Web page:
Shrinking cities as retirement cities? – publication

With an international group of researchers (The Netherlands, Turkey and Germany), I have explored some of the advantages that shrinking cities may actually have over other urban areas, especially concerning green areas and living costs. Our article was recently published in Environment and Planning A (2013, volume 45). In June this year, the work was presented in La Coruña (IAPS 2013), and earlier in Eindhoven (Environment 2.0).

Shrinking cities as retirement cities? Opportunities for shrinking cities as green living environments for older individuals
Merten Nefs (Deltametropolis Association, Rotterdam), Susana Alves (Okan Üniversitesi, İstanbul), Ingo Zasada (Leibniz Centre for Agricultural Landscape Research, Müncheberg), Dagmar Haase (Helmholtz Centre for Environmental Research, Leipzig)

´Increasingly, policy makers and planners must develop strategies to cope with urban shrinkage. This paper proposes that active retirement migration and health tourism can be parts of such strategies. Shrinking cities, normally observed as less competitive, could develop advantages over other cities with respect to attracting retirees if their spatial conditions were used effectively. By converting vacant space or improving access to  high quality green space, shrinking cities can attract retirees in search of quality of life, who in turn might represent a crucial catalyst in urban renewal for shrinking cities. The authors conclude that the potential of shrinking cities as green retirement cities can be considered
by integrating existing research concepts: eg, green space typologies and the functionality of public space for older individuals. Furthermore, recent practical studies suggest that the potential for shrinking cities as retirement cities exists. However, the potential has led to specific policy to only a limited extent. Despite substantial opportunities, many challenges arise when this idea is put into practice. Therefore, recommendations are made at the end of this paper for addressing this topic in future research and urban planning.´

Keywords: retirement migration, ageing, living environment, environmental affordances,
green open space, urban green space, shrinking city, quality of life

Read the full article here

Metropoolforum 2012

Tuesday May 29th, the Deltametropolis Association organizes Metropoolforum 2012, at the Louis Hartlooper Complex in Utrecht.

In this forum, everyone can participate in the metropolitan debate, and discuss ideas of how the Dutch metropolis should be developed. There will be short presentations by experts, stakeholders and association members. Three main themes will be addressed:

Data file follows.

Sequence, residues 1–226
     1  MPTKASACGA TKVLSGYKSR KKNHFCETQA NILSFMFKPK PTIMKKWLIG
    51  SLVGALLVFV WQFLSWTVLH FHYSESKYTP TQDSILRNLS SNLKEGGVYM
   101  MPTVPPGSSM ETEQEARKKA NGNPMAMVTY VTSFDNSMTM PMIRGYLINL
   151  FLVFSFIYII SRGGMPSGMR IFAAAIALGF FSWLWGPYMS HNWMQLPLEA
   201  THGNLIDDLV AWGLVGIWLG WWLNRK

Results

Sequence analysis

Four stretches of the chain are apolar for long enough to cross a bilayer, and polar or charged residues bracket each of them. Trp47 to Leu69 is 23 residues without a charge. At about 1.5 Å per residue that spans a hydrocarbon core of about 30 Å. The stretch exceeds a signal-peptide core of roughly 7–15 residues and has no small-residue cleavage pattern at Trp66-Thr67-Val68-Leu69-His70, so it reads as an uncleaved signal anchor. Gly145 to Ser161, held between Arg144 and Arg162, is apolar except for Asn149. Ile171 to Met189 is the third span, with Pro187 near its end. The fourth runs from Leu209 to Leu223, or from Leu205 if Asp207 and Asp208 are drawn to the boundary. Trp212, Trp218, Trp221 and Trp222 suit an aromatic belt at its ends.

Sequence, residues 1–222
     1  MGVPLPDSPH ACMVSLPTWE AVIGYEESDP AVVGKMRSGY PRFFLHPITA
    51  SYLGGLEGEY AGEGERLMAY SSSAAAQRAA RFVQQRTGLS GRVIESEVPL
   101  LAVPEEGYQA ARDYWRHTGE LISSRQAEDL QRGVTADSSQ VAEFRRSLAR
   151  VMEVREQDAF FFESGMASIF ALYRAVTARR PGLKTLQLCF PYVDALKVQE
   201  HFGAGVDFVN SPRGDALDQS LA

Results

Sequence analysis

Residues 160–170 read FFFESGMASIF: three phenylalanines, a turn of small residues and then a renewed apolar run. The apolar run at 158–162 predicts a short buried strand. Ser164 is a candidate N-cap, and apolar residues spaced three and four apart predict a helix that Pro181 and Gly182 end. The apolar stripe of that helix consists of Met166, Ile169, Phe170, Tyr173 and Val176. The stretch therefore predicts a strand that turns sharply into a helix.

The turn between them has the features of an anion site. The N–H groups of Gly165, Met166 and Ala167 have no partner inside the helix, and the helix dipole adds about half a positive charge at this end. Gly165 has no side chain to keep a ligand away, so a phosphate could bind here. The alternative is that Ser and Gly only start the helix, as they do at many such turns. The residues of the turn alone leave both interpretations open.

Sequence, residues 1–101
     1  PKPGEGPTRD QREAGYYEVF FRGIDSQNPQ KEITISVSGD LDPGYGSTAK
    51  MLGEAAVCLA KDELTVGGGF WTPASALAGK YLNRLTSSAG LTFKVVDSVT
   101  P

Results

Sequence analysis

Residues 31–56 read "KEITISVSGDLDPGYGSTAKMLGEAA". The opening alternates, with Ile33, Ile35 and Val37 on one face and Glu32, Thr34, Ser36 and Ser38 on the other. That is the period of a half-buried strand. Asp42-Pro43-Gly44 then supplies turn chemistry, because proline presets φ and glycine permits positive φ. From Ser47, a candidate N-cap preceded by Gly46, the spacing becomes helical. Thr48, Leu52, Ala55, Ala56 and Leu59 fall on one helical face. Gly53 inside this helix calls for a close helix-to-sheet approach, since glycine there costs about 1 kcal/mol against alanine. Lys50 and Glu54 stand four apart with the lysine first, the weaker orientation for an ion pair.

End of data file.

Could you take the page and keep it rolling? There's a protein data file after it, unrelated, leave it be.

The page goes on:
1. New metropolitan strategies

2. How big is the metropolis?

3. Bottom-up urban integration

SprintCity at BUFTOD 2012

This week we presented SprintCity, a project by the Deltametropolis Association in cooperation with TUDelft and Movares, at the BUFTOD conference in Paris (Marne-la-Vallée). SprintCity investigates opportunities for transit-oriented development (TOD) in The Netherlands, using a simulation game toolkit based on real data, with the real stakeholders. Besides sharing results of this project so far with urban planners, the goal of the presentation was to discuss whether this planning support tool can be effectively implemented in other regions and city’s. Fortunately, the international community gave a very good response to the project and suggested fruitful applications in the city regions of Toulouse, Paris, Bogotá, Alicante and the central plain of Mexico. Hopefully, a couple of these applications can actually happen over the next year. Click here to download the SprintCity folder (English).

The BUFTOD 2012 conference joined several international researchers and planners. There was a certain Eurocentric perspective, followed by North America and Asia. Although some of the efforts were ‘lost in translation’, in general it was a good opportunity to build a TOD network. The Dutch were extremely well represented, with several universities and case studies. I took a Thalys train with Dutch researchers from the University of Amsterdam and Delft University of Technology.

Dutch TOD specialists on their way to Paris

International good practices were compared, contributing to better understanding of different development models and the specific conditions that led to these strategies in each country. It became clear once again, that ready-made solutions (prêt-a-porter) don’t exist. However, we can learn of how each case has managed to remove a barrier to TOD. A few notes:

Robert Cervero, a known authority in the field of TOD, mentioned the importance of organized density (Curitiba) in contrast to scattered density (São Paulo); the potential of functional mix and re-use of brown-field sites and industrial complexes near transit stations (Dallas, Seattle); and high integration of Bus Rapid Transit systems with surrounding development (Guangzhou) versus low integration (Bogotá). Cervero was rather surprised with the critical Dutch projects at the conference, since the Dutch slow traffic and public transport systems generally serve as good examples abroad.
Claude Soulas showed the Port-Vert project in Noisy (Marne-la-Vallée), about inter-modality around the regional RER train system. Currently, the bicycle feeds 1,8% of these metropolitan trains, whereas the best European practices reach 40-50% of bike pre-transport to railway stations. Furthermore, the functional mix of greater Paris needs to be improved, as the East is predominantly residential and the opposite side around La Défense concentrates a huge amount of jobs.